Allie Broas: So it's a miserable experience for everyone in the bar except for me, but I think I like usually judge how comfortable someone is, I pick the song in accordance with their readiness, their singing abilities, I actually think now that I'm talking through this, I just said I think I should get paid for all of the good work I do for karaoke bars around the country.

Quinn: I feel like now more than ever you're needed.

Brian: This is wonderful.

Allie Broas: I agree. I agree.

Brian: I have to really quickly, I have a friend here in Los Angeles who has started a karaoke bus, I think it's called the Gold Karaoke Bus. She bought a bus and remodeled it and painted it gold in it, and you do all the karaoke in the bus as you drive around town. It's amazingly fun.

Allie Broas: Oh my gosh.

Brian: Yeah. If you're ever in LA, we'll hook it up.

Allie Broas: Yeah. That's a dream come true.

Brian: Too fun.

Allie Broas: I love buses and I love karaoke.

Brian: Yeah, buses are the best. Yeah, it's right up your alley. Ah, your name's Allie. That's crazy.

Allie Broas: Perfect.

Quinn: Wow. Brian, you're just killing it today. Allie, thank you for being so honest about what you're bringing to the people.

Allie Broas: No problem.

Quinn: That's really important.

Brian: Yes.

Quinn: All right, so we're going to keep that in mind as we progress here. So just some quick context for today's conversation. Again talking about how and where Allie got what you got and what you went through and where she is on the other side and why it's unique to be where she is. In all seriousness, we don't need to go into all the details on COVID here, folks. We're not going to do that. There's 10000 other podcasts are doing that every day. This is not about new numbers. If you're looking for new info, or an explainer, I would direct you to Helen Barnswell at Stat News and or Ed Young at The Atlantic, and specifically look at the people they follow on Twitter for example. Just listen to those. So we're all out here. It is, what the hell is today? April 9th.

Brian: April 9th.

Quinn: We're all refreshing Twitter and our other reputable news sources and others that aren't, hoping of news on things like antibody tests, and further how effective they are, which at this date is totally questionable. And treatments, and where they might come from. Again, we're just scrambling for whatever we can and the President is just making things up. And then of course, the golden goose, a vaccine, and when that might be, despite the fact that we've never made a vaccine for coronavirus, much less in a year or 18 months. So we're all cheering for scientists the world over who are working over time on all these things while all we can do is stay home. But it's important to know that, once you get past now the machine learning we have working on our side, and all these people working together, that eventually candidates for these things require tests on live cells. And then maybe if it graduates a little further on animals, and then if we're getting crazy on humans.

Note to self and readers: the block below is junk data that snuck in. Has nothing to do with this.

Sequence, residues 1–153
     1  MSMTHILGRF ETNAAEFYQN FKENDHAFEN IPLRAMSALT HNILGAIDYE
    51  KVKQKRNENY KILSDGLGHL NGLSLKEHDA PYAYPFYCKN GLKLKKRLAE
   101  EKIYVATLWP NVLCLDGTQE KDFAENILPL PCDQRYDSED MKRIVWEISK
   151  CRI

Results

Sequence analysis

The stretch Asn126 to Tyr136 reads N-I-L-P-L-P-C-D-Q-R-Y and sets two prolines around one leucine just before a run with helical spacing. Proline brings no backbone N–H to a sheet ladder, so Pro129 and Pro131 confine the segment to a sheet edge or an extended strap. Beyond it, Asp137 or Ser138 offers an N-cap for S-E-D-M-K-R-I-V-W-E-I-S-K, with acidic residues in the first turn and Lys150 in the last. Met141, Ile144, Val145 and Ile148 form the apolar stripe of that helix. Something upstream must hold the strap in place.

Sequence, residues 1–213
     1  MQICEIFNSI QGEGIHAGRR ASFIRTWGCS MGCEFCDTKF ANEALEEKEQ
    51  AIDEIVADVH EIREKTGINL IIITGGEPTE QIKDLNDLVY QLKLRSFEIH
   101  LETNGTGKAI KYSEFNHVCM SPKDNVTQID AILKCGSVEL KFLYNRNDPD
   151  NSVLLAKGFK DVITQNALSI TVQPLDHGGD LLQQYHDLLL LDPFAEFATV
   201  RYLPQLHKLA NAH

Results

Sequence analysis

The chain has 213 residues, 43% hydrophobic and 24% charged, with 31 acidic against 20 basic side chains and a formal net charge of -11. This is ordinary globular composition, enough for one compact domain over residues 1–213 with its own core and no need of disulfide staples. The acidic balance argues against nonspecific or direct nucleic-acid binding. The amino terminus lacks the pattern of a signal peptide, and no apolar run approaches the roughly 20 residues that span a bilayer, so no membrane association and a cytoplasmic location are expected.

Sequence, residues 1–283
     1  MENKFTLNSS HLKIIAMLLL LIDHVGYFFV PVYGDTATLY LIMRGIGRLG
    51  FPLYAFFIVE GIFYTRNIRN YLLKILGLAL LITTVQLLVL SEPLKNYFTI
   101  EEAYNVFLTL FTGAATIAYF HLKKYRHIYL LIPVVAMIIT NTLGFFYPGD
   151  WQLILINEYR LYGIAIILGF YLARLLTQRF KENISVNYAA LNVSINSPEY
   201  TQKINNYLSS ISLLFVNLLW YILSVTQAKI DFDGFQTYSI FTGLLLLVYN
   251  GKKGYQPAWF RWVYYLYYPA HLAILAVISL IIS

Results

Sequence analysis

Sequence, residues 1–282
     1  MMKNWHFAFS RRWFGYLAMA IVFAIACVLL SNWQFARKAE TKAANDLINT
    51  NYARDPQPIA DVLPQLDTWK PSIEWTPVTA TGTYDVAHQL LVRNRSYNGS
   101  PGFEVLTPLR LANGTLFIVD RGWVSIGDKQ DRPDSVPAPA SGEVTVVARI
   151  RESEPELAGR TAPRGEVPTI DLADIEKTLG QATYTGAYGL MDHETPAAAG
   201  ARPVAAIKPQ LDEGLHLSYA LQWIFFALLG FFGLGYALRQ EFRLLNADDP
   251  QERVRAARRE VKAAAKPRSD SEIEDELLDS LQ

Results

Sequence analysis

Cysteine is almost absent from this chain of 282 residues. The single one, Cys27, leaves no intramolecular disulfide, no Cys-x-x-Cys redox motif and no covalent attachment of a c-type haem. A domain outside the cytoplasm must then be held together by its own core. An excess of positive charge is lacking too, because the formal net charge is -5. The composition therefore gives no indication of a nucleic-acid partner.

Quinn: There's talk of things called challenge tests, all these things. And in most of the cases the tests are on humans who've had the virus, and recovered or in extreme cases, like a challenge case for a vaccine that would be on people who've never had it before, right? Or because of like what we're seeing in New York and other places, we'll test some of these treatments, potential treatments, on those folks who are most sick and at that point really willing to try anything. And we do that a lot also with a certain cancer things and stuff like that.

Quinn: But that's kind of what I want to get into now is everyone's just looking and hoping that they open up the New York Times app or your Apple news app, and it says vaccine found. Like how the fuck do we get there and what's that like from the inside? So luckily we've got our own survivor, and test subject, and karaoke professional right here. So Allie, little backstory,, if you could. If you could give us just a sort of a brief description on how COVID went for you, because everybody knows the stats, 80% of cases are mild, it's like 17% go critical, and a larger percentage than we've thought is either asymptomatic or incredibly mild, doesn't really affect kids that much, in a very small percentage, it does. You are young, you are healthy, you are in obviously an incredible place to get it, if you're going to get it, you got it early. Where do you think you got it? Was any contact tracing done? How long before you showed symptoms, yada. How bad was it? Give us the spiel.

Allie Broas: Yeah. So first of all, I can so relate to the first thing I do every morning when I wake up is check the New York Times in hopes that I will read that headline, and that is such a real feeling. And then end up reading for like 45 minutes and just get more and more depressed. But, so I went to, back in the end of February actually, I ended up getting the flu, despite having the flu shot. And I had a trip planned with a group of friends to Israel for very early March, and I got cleared to travel. Well, when I went to the to get tested for the flu, obviously we knew about coronavirus, but I had asked if I should get tested and and again this was end of February, they said, "If you haven't been to China, we're not going to test you." In the past month.